If anything, I think the X8 is a marketing tool -- sending out the X8 to evangelize would bring greater awareness of the X16. 

 

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On 9/28/2021 at 11:15 PM, rje said:

I think folks who can get the X16 have already decided to get the X16.  The X8 won't change their minds -- they'll simply pick up one of those, too.

Sure, but I do wonder which would be the development target focus? A slow trickle of more expensive kits being completed or an incompatible consumer-priced volume model being sold alongside it?

I think part of the appeal for the X16 is the idea of a new platform being born. If the volume focus is actually on a different, incompatible platform (the X8), I can see an effect on development focus and interest.

This is why I personally would love to see X8, if it comes, as a clear subset of X16 only and not a partially superior and incompatible platform compared to the X16. It would make the X16 more "worth it", in my view, if it was a "super X8" and not something separate.

Just my personal thoughts.

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I posted this in another thread, but the FPGA that Frank has been using (ICE40UP5K-SG48ITR50) has been discontinued by Lattice. They still make plenty of versions of this FPGA in other packaging, but the physical designs for both the VERA and the X8 will probably need to be updated.

 

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On 9/28/2021 at 4:27 PM, Janne Sirén said:

Sure, but I do wonder which would be the development target focus? A slow trickle of more expensive kits being completed or an incompatible consumer-priced volume model being sold alongside it?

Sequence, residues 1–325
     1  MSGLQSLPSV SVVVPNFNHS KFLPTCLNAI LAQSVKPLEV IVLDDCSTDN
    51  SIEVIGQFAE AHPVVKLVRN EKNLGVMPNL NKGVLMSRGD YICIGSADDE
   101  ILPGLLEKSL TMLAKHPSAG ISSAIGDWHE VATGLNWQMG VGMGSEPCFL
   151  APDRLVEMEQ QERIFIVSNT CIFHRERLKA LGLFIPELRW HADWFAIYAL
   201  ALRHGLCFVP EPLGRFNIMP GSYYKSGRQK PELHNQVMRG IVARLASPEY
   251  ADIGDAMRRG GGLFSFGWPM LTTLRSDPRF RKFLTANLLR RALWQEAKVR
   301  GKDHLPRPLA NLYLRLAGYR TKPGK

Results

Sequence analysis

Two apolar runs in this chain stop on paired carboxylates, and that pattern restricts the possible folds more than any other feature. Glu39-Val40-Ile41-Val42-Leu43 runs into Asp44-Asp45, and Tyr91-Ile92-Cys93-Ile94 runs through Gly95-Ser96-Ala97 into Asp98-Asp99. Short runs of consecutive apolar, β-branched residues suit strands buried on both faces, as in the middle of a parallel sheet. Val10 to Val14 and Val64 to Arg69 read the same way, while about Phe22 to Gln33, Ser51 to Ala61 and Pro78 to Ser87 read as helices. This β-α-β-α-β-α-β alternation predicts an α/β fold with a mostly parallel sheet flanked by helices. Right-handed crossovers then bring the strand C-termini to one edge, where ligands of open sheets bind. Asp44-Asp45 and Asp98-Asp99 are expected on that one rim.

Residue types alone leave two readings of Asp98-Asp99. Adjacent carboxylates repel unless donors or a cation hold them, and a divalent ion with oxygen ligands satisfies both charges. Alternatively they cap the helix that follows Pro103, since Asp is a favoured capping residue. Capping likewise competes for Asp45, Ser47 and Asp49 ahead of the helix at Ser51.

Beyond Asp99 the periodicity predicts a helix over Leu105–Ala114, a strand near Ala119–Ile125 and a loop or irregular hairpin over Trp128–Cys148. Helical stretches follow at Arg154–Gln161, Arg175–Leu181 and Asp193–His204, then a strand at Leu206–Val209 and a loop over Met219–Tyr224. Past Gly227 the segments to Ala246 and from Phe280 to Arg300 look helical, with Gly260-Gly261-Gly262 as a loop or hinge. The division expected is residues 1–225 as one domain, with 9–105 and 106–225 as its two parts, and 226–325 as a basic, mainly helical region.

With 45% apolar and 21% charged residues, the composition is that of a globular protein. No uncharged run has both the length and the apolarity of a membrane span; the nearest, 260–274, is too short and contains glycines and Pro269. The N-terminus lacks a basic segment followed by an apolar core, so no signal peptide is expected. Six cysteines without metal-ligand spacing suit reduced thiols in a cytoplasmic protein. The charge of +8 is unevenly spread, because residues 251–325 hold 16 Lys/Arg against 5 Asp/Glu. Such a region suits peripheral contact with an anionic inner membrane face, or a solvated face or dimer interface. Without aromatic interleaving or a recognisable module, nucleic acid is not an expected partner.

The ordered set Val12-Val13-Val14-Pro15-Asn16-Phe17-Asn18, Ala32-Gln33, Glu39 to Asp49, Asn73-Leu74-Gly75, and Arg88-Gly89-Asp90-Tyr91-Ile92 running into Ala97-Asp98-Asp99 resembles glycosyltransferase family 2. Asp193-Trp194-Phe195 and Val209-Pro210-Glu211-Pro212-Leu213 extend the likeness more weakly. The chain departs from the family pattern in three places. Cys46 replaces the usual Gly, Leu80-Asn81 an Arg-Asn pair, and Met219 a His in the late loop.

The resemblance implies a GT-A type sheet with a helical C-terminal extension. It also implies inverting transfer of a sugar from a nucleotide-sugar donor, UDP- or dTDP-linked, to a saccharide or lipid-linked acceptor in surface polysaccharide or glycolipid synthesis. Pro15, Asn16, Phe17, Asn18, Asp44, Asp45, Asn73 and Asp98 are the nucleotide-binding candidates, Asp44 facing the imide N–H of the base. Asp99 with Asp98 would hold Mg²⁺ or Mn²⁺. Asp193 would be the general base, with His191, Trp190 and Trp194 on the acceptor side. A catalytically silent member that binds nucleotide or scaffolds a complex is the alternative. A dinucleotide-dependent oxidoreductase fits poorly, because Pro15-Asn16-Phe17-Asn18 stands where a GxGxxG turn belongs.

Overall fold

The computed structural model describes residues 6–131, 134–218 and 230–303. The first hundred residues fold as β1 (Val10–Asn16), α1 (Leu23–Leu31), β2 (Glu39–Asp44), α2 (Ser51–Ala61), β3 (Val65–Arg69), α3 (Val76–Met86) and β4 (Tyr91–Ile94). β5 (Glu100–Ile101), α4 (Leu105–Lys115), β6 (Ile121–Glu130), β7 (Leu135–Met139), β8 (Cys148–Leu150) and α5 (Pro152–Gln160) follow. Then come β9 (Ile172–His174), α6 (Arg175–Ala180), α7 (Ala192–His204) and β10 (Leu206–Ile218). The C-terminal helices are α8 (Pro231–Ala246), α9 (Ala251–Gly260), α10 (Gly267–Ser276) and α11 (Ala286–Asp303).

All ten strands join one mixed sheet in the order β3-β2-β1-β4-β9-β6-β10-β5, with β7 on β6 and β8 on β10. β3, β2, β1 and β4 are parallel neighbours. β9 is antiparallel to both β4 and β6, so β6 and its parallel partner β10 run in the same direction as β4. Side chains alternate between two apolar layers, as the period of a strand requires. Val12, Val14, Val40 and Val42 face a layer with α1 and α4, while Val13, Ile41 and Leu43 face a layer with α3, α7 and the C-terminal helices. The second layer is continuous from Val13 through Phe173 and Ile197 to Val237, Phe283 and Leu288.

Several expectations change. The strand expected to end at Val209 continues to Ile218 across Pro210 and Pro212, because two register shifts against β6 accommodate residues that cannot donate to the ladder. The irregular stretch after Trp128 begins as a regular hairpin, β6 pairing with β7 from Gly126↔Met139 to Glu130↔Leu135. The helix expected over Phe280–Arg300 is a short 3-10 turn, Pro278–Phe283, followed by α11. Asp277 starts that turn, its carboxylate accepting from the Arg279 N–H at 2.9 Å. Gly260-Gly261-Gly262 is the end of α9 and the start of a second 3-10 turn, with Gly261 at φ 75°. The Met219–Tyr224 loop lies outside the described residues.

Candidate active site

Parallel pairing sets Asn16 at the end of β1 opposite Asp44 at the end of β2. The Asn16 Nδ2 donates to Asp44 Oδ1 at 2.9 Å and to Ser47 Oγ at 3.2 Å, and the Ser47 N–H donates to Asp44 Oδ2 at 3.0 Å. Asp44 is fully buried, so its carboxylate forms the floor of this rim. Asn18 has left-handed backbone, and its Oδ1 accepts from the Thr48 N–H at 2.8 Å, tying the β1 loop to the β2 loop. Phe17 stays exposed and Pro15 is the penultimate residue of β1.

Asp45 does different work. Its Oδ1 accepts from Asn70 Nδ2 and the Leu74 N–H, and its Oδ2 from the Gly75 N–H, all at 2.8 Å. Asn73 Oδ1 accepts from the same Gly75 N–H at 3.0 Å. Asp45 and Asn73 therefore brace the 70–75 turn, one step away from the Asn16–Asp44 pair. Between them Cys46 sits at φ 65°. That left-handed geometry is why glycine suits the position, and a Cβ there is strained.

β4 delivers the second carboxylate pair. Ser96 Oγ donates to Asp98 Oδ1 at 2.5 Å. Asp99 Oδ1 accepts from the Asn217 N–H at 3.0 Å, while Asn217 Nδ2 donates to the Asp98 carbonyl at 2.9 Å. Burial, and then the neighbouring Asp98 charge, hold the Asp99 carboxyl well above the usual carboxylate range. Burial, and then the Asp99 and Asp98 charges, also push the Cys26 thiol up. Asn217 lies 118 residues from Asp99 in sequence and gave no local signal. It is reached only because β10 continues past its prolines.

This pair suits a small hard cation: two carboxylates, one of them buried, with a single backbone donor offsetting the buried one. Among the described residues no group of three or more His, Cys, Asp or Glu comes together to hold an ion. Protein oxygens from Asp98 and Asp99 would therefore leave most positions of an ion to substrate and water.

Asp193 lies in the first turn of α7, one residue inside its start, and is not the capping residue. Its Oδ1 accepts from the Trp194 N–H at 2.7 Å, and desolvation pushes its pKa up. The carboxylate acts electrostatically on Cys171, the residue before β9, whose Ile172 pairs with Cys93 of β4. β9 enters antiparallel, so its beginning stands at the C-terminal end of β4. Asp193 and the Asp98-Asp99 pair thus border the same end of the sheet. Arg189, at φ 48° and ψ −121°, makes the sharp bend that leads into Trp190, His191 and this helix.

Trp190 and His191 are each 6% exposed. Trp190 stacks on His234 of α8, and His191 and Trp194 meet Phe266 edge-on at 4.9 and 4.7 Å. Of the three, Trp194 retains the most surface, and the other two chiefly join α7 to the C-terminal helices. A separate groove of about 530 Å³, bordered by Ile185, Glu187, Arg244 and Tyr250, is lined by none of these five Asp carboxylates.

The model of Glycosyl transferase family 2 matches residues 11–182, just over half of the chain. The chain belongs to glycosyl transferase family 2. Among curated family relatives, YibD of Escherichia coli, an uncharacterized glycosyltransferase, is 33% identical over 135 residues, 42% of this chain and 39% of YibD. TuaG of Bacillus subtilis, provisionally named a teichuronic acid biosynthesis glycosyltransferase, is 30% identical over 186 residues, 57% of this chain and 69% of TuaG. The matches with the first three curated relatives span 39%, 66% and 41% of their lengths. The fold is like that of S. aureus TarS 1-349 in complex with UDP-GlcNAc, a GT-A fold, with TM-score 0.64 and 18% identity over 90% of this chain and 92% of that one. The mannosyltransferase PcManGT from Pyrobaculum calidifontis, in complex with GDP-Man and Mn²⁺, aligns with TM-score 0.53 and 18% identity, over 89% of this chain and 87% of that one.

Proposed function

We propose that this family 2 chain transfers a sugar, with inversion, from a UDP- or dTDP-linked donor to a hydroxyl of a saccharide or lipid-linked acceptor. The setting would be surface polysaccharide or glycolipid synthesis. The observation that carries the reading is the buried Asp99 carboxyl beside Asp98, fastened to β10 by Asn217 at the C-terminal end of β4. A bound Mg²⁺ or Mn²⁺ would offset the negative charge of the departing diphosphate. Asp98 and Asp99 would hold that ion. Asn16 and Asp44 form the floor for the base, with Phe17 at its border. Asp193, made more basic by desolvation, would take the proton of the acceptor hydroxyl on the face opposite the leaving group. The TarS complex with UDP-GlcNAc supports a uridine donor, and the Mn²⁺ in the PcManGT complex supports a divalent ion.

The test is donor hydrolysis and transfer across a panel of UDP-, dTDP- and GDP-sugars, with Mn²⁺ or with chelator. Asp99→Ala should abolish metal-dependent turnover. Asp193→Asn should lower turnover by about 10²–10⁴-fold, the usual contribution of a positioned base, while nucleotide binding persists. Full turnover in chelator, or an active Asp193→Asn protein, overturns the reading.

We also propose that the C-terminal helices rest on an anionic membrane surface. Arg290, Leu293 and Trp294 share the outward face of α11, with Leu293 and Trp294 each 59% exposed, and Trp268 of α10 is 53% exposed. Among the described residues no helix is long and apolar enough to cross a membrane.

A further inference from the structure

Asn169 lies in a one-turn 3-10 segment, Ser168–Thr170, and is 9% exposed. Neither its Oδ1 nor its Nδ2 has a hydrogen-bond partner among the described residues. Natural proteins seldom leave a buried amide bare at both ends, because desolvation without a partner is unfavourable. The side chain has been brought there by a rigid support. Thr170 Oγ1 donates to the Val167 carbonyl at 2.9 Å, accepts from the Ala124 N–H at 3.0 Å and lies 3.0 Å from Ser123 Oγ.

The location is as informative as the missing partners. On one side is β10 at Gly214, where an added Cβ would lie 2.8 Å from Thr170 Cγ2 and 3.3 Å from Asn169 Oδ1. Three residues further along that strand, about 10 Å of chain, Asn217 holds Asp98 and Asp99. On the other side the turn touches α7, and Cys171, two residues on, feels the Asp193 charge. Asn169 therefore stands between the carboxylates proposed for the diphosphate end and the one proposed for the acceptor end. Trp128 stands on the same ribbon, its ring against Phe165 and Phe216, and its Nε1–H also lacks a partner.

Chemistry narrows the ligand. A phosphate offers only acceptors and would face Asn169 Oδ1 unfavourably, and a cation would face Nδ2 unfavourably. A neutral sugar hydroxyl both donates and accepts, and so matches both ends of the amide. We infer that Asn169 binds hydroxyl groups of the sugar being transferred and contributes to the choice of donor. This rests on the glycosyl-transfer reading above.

I think part of the appeal for the X16 is the idea of a new platform being born. If the volume focus is actually on a different, incompatible platform (the X8), I can see an effect on development focus and interest. ...

It's a hobbyist system in either case ... the "volume" model is not volume like a BananaPi, never mind a RPi.

Development is going to be hobbyist development. The people who want to develop for the X16 are going to do so if the system has a release date.

As far as whether it would be ideal for the X8 to be a strict subset of the X16 ... well, yeah, but if it's not a practical option, it's not a practical option.

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On 9/29/2021 at 12:53 AM, BruceMcF said:

It's a hobbyist system in either case ... the "volume" model is not volume like a BananaPi, never mind a RPi.

Development is going to be hobbyist development. The people who want to develop for the X16 are going to do so if the system has a release date.

As far as whether it would be ideal for the X8 to be a strict subset of the X16 ... well, yeah, but if it's not a practical option, it's not a practical option.

Certainly my comparison of volume product is the likes of ZX Spectrum Next, also a hobby platform. It is an example of a single coherent target platform I have in mind. It has a couple of models but all are compatible. On the other end of the spectrum are the likes of C256 Foenix that has many low-volume variants and little in terms of clear target platfrom yet.